The school board will ultimately decide whether to approve the ratified agreements in January, which will last for three years and be woven into Kamras’ proposed 2024 fiscal year budget.

Virginia’s longstanding ban on unions for public sector workers, which include teachers, law enforcement and firefighters, was lifted when state lawmakers passed legislation in 2020. The change led the Richmond School Board to vote 8-1 last December to make the school district the first in the state to allow collective bargaining.

Richmond Public Schools shared some of the terms from each unit’s agreements in a press release Thursday:

Instructional Assistants (IAs) Unit

  • Approximately a 40% raise over the next 3 years to a new starting salary of $30,000 by 2025-26 (the current starting salary is $21,690). This new starting salary is higher than what is stated as a living wage for the City of Richmond
  • Compensation of $100/day when covering for a teacher due to absence
  • Maintained decompression/annual step

Care and Safety Unit

  • 10% raise over 3 years for security supervisor roles
  • 14% raise over 3 years for care and safety associates
  • Decompression of the salary schedule and maintenance of “step” each year
  • Increased compensation supplement for care and safety associates serving in a “lead” role at a school

Nutrition Unit

  • 25% raise over 3 years for food service assistants to a new living wage (for the City of Richmond) of $18.93/hour
  • 10% raise over 3 years for nutrition supervisors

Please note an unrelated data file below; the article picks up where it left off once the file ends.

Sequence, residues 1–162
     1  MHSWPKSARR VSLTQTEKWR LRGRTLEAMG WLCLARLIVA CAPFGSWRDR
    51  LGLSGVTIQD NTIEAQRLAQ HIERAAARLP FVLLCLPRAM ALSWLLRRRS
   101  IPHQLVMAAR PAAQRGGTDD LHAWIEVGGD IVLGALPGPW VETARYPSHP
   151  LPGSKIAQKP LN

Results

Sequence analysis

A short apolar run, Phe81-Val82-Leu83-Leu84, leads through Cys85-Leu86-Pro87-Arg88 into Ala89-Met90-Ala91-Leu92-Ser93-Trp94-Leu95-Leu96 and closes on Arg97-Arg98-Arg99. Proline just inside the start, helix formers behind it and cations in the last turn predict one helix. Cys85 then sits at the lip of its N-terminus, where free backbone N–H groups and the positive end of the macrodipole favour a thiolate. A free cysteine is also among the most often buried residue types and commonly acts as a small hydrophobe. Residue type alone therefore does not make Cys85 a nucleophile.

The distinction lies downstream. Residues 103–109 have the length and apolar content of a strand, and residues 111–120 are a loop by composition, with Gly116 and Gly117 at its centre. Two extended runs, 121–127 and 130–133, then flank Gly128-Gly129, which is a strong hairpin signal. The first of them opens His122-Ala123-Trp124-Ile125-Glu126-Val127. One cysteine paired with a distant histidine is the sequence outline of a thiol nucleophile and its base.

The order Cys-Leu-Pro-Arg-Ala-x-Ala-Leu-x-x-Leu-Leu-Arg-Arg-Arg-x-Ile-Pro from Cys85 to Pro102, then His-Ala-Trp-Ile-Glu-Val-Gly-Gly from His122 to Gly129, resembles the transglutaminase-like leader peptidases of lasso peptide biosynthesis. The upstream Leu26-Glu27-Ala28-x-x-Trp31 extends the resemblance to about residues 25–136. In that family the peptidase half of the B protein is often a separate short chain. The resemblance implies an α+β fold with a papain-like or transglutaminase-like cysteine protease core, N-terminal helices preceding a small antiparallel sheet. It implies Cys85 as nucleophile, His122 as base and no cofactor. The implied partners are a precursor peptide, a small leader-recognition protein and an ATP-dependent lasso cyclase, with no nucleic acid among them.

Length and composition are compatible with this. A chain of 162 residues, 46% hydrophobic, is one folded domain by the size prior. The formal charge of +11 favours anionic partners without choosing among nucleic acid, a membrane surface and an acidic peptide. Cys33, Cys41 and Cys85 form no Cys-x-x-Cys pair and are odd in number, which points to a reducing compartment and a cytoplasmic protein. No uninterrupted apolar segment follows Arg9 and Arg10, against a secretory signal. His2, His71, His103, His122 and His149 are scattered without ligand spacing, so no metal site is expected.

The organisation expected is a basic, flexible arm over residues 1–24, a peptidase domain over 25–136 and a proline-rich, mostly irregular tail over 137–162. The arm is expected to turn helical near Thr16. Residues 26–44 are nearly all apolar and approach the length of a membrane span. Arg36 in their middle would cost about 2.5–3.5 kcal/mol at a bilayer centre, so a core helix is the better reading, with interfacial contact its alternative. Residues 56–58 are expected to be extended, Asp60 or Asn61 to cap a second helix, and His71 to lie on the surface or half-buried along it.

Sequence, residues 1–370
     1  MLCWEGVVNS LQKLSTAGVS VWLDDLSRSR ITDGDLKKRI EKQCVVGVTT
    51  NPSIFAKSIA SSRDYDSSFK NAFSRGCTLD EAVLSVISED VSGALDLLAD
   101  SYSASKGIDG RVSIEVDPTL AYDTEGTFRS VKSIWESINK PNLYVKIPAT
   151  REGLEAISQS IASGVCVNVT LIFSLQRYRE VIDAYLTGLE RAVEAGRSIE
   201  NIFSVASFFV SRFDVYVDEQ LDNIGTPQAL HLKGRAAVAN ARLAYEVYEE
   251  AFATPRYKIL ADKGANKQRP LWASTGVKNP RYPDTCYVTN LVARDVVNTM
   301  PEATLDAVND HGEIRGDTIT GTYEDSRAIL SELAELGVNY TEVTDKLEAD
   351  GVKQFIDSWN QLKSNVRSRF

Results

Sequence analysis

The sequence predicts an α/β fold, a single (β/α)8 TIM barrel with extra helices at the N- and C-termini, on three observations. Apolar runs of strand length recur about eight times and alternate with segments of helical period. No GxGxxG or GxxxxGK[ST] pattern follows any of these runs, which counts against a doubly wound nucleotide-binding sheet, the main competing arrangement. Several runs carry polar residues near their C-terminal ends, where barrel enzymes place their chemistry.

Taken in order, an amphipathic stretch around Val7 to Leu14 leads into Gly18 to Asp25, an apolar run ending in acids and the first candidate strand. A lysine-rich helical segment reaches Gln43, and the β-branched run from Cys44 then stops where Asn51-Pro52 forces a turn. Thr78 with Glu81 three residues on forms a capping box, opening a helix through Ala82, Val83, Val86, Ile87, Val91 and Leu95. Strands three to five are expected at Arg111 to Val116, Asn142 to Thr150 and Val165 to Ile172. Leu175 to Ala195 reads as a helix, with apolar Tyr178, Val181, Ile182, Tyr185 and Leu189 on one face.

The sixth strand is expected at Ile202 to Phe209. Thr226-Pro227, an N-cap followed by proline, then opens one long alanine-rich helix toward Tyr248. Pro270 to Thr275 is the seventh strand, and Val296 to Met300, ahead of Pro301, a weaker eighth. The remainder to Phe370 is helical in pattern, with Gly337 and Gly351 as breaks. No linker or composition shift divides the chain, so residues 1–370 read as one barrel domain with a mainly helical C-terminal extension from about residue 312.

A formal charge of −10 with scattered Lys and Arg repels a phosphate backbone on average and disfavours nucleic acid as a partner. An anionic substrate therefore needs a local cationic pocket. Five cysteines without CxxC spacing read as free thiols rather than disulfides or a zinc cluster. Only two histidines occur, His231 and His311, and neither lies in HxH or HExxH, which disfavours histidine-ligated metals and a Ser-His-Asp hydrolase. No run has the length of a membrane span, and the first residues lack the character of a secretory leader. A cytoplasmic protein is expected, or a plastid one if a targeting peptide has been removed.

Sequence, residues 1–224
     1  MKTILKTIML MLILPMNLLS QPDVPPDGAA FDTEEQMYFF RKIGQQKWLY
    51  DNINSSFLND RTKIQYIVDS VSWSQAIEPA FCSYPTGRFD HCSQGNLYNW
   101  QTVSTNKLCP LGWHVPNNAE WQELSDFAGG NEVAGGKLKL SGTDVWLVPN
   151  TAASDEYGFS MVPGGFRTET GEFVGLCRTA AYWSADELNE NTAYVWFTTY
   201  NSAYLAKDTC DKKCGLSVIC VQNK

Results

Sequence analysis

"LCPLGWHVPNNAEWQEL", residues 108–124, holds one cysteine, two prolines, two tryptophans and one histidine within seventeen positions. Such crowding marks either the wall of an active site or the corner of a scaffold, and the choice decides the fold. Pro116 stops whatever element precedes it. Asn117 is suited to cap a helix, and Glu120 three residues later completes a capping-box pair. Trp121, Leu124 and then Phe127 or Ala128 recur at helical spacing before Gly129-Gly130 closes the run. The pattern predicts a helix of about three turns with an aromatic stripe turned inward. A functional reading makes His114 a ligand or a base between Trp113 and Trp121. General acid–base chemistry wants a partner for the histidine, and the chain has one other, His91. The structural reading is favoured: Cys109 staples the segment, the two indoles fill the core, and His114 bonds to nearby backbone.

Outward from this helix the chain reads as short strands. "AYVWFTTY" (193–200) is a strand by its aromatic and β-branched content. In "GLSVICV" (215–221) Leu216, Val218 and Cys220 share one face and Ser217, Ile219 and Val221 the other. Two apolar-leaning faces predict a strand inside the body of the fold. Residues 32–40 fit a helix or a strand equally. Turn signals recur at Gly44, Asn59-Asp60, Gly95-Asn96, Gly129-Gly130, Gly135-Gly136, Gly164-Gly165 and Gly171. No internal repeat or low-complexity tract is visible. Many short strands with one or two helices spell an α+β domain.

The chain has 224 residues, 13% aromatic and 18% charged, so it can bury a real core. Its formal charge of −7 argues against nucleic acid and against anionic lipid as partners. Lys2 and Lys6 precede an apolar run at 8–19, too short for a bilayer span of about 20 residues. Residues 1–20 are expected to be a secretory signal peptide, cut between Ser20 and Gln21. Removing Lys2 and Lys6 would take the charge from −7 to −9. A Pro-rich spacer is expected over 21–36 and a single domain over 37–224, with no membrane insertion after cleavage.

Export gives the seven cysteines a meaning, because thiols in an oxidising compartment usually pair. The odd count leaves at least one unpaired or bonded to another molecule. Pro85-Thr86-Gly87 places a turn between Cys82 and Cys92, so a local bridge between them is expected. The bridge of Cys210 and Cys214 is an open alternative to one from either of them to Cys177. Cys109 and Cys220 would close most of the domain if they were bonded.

• 15% raise over 3 years for nutrition managers
  • Decompression of the salary schedule and maintenance of “step” each year
  • For food service assistants, two new key benefits – immediate access to health care (do not need to wait a year, given non-contracted status) and 3 personal, paid days a year (since if they were sick previously, they did not get paid for the day)
  • For all nutrition staff, support in accessing RPS retirement match accounts, if desired
  • For all nutrition staff, inclusion in department hiring processes

Teacher Unit

  • Minimum of 12% raise over 3 years (6% in year 1)
  • Maintained decompression/annual step
  • Compensation of $55/hour when planning period is lost due to coverage needs or testing duties
  • Compensation of $27.50/hour when lunch is lost due to coverage needs
  • Updated job descriptions
  • Increased and/or new stipends for additional duties like testing or Chromebook management
  • Protection of time to include independent planning periods and time spent on after-school obligations

Looking ahead to the next contract, Young-El told 8News that the teacher unit will focus on addressing the transfer and assignment policy.

“Right now, teachers have no control over essentially if they’re involuntarily transferred. If there’s a need at a school, they can essentially move you according to the needs. I think folks would like a little more control over that process,” he said.